Thursday, July 10, 2008

Christian Pilgrim

After crossing into Jerusalem last Friday and again on Sunday with our group, the atmosphere was and is different.  Now, we are in a large city with the abundance of life all around.  We could be Christian pilgrims with relative ease.  Of course, the cost of everything was that of a large city... much higher!

The top picture is of the Lord's prayer in Cherokee.  After our mission in 1998, one of the team members who is Cherokee inquired about how the Lord's prayer is placed in each of the languages, after talking with the people, it was relatively easy, first one must raise some money, and then provide the Lord's prayer in the script of the language, so that was accomplished through the Cherokee people and now, since 2000 it has been on display at the Church of Our Father on the Mount of Olives.  Each time I see it, I am pleased to see the Lord's prayer in so many languages... and each time there are some new languages displayed.

The second picture is at the Church of Mary's birthplace.  Mary's parents lived in Jerusalem at one point, and this is the place traditionally believed to be here home.

The third picture is an old olive tree in the garden of Gasthemi where Jesus asked the disciples to say awake with him and pray...

The last picture is the entry to the empty tomb!!!  Jesus is not there, for he is RISEN!!!  It was taken at the garden tomb just outside of the walled city of old Jerusalem.

It is important for Christian pilgrims to be present and walk the journey of Jesus, and it is even more important for Christian pilgrims to meet the people, talk with the local people and learn from their stories how important it is to them to be Christian living in Palestine and in Israel.

It is my hope that during my time here, that is what I am doing.  Through learning the language, the culture, and living with a family... through engaging people in conversation, worshipping with the local Christian community etc.

Saturday, July 5, 2008

Passing through the check point

Leaving Bethlehem to go to Jerusalem takes some planning and more time that you would expect, because one never knows how much time will be needed in order to go through the check points.  Yesterday I went to Jerusalem with a fellow participant.  This was the first time I have gone to Jerusalem on my own, i.e. not with the organized group.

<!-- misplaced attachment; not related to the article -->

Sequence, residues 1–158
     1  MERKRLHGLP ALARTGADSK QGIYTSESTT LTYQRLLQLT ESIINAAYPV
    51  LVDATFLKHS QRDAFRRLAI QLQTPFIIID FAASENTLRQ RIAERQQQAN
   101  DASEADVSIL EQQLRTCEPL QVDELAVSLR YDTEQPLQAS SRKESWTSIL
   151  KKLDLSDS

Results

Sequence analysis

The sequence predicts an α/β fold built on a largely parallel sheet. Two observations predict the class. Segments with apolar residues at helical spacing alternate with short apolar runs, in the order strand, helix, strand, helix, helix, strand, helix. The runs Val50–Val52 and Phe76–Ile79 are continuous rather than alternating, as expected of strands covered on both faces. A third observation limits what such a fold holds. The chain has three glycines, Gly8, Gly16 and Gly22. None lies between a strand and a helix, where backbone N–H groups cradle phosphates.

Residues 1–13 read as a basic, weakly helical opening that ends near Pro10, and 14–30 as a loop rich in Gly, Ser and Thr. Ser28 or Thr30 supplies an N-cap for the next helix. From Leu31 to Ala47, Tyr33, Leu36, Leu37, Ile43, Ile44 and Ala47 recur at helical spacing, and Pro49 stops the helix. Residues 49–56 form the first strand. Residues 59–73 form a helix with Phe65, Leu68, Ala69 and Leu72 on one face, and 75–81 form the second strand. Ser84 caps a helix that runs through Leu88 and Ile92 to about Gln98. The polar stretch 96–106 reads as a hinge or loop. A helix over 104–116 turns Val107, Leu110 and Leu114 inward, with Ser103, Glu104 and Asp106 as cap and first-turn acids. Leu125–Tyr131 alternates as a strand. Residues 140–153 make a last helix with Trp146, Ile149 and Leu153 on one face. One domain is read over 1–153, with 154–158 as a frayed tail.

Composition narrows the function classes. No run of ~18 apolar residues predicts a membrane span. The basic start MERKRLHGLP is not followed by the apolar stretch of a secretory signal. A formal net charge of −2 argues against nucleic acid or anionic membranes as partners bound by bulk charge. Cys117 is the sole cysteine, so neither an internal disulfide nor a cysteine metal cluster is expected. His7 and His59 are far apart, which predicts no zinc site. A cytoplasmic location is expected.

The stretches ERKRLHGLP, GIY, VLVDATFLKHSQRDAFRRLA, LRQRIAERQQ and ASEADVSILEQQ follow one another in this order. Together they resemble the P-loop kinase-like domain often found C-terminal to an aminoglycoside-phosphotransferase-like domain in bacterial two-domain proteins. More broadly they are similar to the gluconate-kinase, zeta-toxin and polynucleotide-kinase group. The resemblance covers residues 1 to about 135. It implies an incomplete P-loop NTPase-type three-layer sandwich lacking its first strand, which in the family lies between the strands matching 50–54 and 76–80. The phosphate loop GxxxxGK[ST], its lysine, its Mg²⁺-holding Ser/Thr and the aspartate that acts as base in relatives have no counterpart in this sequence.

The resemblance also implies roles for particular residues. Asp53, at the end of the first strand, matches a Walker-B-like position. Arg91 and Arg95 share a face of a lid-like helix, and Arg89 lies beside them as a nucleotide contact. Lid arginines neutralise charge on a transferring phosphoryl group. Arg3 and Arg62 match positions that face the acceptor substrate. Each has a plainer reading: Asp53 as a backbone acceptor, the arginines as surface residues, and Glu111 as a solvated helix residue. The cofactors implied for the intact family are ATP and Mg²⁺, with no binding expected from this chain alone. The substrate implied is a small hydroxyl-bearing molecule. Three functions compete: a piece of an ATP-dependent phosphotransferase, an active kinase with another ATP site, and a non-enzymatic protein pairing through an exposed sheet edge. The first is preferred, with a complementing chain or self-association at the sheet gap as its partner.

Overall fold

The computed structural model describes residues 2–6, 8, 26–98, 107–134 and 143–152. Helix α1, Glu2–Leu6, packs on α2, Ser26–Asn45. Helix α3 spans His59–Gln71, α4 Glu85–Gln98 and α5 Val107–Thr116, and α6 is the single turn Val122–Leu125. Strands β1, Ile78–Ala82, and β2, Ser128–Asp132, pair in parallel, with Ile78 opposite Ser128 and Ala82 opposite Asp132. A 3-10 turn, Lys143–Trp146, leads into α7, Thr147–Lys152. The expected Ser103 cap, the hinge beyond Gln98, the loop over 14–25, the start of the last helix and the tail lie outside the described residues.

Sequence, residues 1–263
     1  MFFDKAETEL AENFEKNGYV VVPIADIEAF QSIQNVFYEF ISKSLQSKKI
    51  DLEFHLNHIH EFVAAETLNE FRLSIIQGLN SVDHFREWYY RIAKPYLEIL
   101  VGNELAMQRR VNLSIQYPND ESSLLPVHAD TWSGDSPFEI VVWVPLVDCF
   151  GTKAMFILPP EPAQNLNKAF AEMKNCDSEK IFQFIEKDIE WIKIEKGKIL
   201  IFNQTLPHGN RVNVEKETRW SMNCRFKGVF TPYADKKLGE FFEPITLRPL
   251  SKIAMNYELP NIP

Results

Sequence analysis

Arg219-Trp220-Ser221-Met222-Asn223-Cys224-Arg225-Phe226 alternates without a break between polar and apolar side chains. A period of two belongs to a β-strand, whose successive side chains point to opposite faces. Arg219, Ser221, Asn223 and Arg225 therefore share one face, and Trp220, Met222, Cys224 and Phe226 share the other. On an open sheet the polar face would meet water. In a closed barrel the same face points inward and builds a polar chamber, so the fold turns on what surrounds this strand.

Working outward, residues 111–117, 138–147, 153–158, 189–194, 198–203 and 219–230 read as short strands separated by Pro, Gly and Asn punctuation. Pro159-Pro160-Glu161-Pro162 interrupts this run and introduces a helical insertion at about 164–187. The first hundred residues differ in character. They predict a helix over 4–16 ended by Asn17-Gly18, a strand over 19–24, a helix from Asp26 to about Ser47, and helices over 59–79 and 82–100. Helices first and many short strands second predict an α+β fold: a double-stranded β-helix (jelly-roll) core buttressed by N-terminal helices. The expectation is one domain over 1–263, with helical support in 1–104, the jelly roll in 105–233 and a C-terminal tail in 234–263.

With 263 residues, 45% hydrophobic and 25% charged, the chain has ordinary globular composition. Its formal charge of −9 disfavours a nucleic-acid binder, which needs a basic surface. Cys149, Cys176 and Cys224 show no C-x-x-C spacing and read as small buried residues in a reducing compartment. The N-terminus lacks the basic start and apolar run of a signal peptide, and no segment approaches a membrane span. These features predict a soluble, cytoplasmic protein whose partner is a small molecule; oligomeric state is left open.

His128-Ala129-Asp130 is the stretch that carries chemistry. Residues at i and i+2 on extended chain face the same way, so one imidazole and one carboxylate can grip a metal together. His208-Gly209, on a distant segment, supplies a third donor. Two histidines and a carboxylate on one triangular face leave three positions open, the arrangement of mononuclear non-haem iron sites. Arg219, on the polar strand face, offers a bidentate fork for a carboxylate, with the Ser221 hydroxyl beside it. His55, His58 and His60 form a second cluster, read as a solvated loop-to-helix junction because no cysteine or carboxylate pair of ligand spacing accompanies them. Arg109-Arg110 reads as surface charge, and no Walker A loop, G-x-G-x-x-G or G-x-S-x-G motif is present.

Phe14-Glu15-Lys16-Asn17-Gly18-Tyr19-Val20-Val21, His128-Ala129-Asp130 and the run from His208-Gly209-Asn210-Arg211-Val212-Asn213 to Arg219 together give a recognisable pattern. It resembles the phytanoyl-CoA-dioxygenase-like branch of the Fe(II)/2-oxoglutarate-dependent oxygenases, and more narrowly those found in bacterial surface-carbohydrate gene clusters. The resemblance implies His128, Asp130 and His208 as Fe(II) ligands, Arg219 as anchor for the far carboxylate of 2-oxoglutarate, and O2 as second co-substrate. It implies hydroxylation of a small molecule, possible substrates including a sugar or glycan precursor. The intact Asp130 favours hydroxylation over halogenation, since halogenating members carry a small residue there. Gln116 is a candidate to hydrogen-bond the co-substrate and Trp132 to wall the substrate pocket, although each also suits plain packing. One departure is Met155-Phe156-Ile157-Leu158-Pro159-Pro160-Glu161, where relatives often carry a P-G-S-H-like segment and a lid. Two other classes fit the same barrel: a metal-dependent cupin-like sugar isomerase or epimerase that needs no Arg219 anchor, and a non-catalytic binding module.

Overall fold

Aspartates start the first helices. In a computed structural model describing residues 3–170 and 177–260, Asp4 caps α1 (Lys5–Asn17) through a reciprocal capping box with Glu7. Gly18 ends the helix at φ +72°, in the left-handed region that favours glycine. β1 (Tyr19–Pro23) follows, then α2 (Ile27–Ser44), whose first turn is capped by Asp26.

Parts of the day were challenging and frustrating, other parts were very plesant.

Going through the check points one sees how people are treated.  Based upon the whim of the soilders doing their jobs... to the people wanting to go to Jerusalem for work or whatever is on their schedule for the day.

For us, we were pilgrims going to see the churches on the Mount of Olives, but first we had to pass through the check point.  It makes one feel as though you were in prision, or a rat going through a rat maze.

Friday, June 27, 2008

Life in Palestine

Life in Palestine...

In the evenings we have different types of gatherings, sometimes to learn more about the current situation. This week we saw a video about the life situation of a women whose husband was killed in 1967 shortly after the 6 days war when their village was forced to flee to a refugee camp... it was very powerful and very sad.

The next evening, I was invited to spend the evening with a friend's family. The traditions here when someone marries, several days before the wedding there is a gathering of family at the grooms home to welcome the brides family, including food, music and dancing. If someone in the close family dies, then the wedding is postponed by at least one month.

Last night we gathered at a place which used to be an Isreali military camp, now it is a park and a gathering place where people can have cookouts at watch sports on a big screen with friends etc. We gathered at the park to watch the European Cup for football/soccer, last nights game was Russia v Spain 0-3!!! It was a good game, especially for Spain fans... there are two games left. Russia will play Italy to determin 3rd and 4th place, and Germany will play Spain to determin 1st and 2nd place!!! All will be over on Sunday night.